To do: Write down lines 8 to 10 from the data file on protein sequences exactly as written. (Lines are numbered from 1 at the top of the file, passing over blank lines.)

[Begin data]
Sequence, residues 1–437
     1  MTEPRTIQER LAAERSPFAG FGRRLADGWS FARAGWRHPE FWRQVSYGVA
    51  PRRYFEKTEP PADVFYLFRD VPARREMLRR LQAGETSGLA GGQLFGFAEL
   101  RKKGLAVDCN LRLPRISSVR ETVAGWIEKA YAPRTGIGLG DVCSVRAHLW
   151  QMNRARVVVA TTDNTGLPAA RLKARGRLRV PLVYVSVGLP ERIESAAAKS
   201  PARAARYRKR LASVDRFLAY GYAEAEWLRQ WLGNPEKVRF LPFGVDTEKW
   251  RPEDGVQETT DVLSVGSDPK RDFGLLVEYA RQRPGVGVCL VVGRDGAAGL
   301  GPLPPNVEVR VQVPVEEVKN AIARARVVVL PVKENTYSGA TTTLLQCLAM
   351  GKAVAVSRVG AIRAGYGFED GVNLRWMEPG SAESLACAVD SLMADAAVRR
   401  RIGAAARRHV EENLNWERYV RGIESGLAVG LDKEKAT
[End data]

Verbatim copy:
   301  GPLPPNVEVR VQVPVEEVKN AIARARVVVL PVKENTYSGA TTTLLQCLAM
   351  GKAVAVSRVG AIRAGYGFED GVNLRWMEPG SAESLACAVD SLMADAAVRR
   401  RIGAAARRHV EENLNWERYV RGIESGLAVG LDKEKAT